Assistant Research Professor, Biodesign Virginia G. Piper Center for Personalized Diagnostics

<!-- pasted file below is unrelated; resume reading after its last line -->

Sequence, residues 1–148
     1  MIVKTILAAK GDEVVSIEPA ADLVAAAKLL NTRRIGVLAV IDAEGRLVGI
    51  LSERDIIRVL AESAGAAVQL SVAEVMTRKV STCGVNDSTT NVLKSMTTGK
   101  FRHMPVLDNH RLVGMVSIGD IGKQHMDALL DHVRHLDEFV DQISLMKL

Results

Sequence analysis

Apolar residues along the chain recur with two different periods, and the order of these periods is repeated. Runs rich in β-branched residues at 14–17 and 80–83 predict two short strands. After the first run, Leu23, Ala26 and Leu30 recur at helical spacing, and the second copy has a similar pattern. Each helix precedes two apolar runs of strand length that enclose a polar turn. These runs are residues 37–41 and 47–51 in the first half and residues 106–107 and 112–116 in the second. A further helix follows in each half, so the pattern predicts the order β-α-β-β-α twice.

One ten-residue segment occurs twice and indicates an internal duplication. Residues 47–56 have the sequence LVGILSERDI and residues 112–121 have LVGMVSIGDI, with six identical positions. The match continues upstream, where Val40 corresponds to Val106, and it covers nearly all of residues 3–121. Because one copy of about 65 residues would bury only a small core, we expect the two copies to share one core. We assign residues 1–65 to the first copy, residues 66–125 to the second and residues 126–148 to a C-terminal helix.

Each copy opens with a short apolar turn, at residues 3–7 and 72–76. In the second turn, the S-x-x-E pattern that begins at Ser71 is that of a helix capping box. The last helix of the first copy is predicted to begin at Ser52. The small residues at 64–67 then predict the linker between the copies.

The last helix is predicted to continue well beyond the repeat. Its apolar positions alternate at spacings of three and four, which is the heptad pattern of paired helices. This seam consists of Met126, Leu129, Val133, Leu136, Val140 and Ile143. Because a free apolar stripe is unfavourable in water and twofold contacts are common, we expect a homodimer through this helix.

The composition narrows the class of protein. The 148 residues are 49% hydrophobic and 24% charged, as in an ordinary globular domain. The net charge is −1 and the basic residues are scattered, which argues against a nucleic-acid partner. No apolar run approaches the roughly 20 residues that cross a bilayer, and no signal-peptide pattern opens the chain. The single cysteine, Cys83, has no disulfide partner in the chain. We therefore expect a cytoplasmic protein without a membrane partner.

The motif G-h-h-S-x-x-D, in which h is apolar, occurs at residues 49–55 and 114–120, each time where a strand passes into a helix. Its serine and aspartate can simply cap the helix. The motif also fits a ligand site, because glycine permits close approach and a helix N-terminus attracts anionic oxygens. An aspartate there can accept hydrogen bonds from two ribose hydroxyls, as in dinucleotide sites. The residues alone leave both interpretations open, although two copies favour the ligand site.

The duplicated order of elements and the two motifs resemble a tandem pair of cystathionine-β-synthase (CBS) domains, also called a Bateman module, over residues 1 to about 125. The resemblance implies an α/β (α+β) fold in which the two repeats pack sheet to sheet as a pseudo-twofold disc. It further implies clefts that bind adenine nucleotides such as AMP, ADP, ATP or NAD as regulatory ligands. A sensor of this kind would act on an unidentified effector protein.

I have a strong background in biochemistry, molecular biology, analytical chemistry and nanotechnology, starting from my Ph.D. studies, during which I worked on several interdisciplinary projects. My research focuses on developing and validating integrated nanotechnique-based strategies for marker discovery and development of non-invasive clinical diagnostics approaches that use blood or urine samples. My goal is to provide translatable solutions for personalized medicine in early disease diagnosis to improve patient outcomes. My previous works including discovery and quantification of circulating disease-derived exosome markers for early diagnosis, detection of pathogenic antigens for rapid diagnosis of M. tuberculosis, and development of a nanopore-based method for low molecular weight protein/peptide detection that addresses a bottleneck in the measurement of low-abundance peptides in bodily fluids. I intend to further develop or adapt these approaches for use in my future clinical biomarker studies. I have published 20 peer-reviewed papers (7 first-author), filed three patents (one awarded, two provisional), and received awards and recognition from several scientific societies, including the US Human Proteome Organization (US HUPO) and The Association for Mass Spectrometry: Applications to the Clinical Laboratory (MSACL). My studies served as the basis for three RO1, one R21 and two Foundation awards (total $8.5M). Based on my extensive experience with multidisciplinary approaches for leveraging nanotechnology applications in our projects with clinicians, biostatisticians and clinical chemists, I will be a qualified candidate and be able to complete the proposed plan.